The Bolero is a music unlike any other: a graceful, Spanish style with its own rhythm. Usually written in three-quarter time, the Bolero offers a lilting, romantic melody, then slowly adds in other instrumentation and harmony, growing in volume and power. The Bolero dance is likewise romantic and powerful; it will bring out the best emotions in you, as it carries you away with its alluring and relaxing slow tempo.

To fully enjoy the magic of the Bolero, you have to learn the dance. After you have learned the Bolero’s basic steps, you will be able to focus on the music, and what the composers were trying to convey.

What Is the Bolero?

The Bolero rhythm was historically in 3/4, and is normally characterized by numerous Spanish vocals and subtle percussion, at a tempo of 20 to 25 measures per minute. It is danced based on a “slip pivot”, which is a typical rotation of the body on the ball of a supporting foot. This creates a pivot back and forth, while the body rises and falls except for the feet. The effect of the combination of these body movements and the “slip pivot” is a pattern of smooth and powerful dance moves that bring out a romantic feeling to the dancers and the audience.

The Bolero involves eight steps in two sets: the slow, quick, and quick steps. The slow has two beats, while each quick has one beat. Bolero dancers bend knees in positions such that the posture forms a straight line from shoulder to hip. The bent leg rises and slides towards the side by sliding the ball of the foot across the floor. This step can be performed once, or as many as five times. During the slower second beat, dancers pull up, straightening the knee until it’s flexed but not locked. In beat two or six, going up on one toe is another common move, though it is not necessary. On beats three and seven, dancers bend gradually while lowering themselves, before coming back to the first position. In this position, dancers bend their knee slowly to complete beats four and eight.

The History Of
The Bolero

Originally, the Bolero was a dance for couples, and was played at many weddings and family events. Years later, interest expanded, and composers adapted it for larger venues, with more talented dancers and dynamic choreography. Italian ballet specialists performing in Spain influenced the Bolero’s success in theatres. This growth continued into the twentieth century, with the opening of many Bolero schools and training companies.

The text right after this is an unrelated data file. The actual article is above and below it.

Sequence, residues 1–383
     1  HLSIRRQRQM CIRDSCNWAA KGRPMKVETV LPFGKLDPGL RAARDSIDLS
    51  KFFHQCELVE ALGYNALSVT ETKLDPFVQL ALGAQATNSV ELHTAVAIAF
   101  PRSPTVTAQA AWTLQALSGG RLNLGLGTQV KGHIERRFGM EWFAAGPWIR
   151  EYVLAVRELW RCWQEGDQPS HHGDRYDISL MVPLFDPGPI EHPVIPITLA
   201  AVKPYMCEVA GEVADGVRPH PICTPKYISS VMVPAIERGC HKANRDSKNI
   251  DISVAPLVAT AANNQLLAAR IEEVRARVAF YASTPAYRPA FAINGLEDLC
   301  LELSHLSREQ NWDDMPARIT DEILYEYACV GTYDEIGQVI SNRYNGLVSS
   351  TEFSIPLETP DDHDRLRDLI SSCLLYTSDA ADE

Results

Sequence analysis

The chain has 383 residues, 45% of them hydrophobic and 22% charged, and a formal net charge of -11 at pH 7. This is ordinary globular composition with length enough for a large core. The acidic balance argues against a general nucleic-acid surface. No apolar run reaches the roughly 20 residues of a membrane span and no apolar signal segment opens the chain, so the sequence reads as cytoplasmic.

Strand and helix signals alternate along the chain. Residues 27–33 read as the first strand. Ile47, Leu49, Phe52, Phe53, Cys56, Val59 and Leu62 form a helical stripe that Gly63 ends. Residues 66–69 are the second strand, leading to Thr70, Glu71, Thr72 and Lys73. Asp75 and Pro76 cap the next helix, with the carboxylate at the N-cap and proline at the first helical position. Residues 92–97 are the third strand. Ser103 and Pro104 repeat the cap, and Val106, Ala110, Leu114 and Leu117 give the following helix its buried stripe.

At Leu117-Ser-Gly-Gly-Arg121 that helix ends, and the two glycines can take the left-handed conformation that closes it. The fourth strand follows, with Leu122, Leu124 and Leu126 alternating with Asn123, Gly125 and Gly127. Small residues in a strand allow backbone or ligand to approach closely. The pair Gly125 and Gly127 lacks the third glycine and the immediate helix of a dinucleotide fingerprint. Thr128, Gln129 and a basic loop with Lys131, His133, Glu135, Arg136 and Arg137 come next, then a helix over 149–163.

The Bolero, whose music was initially in the 3/4 metre with a moderately slow tempo, consisted of three ‘coplas’, or verses. Each copla lasted for 36 bars. A copla was made up of 3 parts, each followed by a swap in the positioning of the dancers. The culminating pose of each part is known as ‘parada’. The end of a copla was crowned with a dramatic pose, or ‘bien parada’.

Ever since its inception, the Bolero has undergone many changes, notably: the 3/4 meter changed to a 2/4 meter under Cuban influence, and later to 4/4 as practiced in Arthur Murray Studios. Arthur Murray instructors have kept up with the changes to the dance, and are flexible in their teaching. You will find yourself practicing some of the oldest all-time classic techniques, while keeping abreast of the latest innovations in the dance.

We’re The Masters at Teaching Bolero

Learning to dance the Bolero at Arthur Murray is a lot of fun. Experimentation is encouraged, and you refine the dance everyday to incorporate new ideas, and your own personal nuances, all of which add to its flavor. Our dance instructors have developed the Bolero to a more romantic slow dance that is more lyrical than most of the other Latin Dances. They have incorporated techniques that make the Bolero resemble the Waltz for its rise and fall, the Tango for body movement, and Rumba for musical rhythm, ultimately making it a beautiful style for developing dramatic expression in your dancing.

We are able to teach students of all skill levels because we give each student the attention they need to learn the steps, and tailor each lesson to address their needs. Arthur Murray Dance Studios are posh and spacious. Dancers easily access individualized coaching, while the audience enjoys an unobstructed view. Our studios are highly preferred because of the warm social environment, and the guaranteed success in learning.

Arthur Murray’s Commitment To Excellence

Arthur Murray has a phenomenal track record in teaching dance. Bolero culture has been revitalized here, and continues to attract many dancers. This is largely due to our well-formulated teaching system, and our qualified trainers who know what is best for their students.
Come to Arthur Murray an amateur, and you can walk out of our doors a pro!


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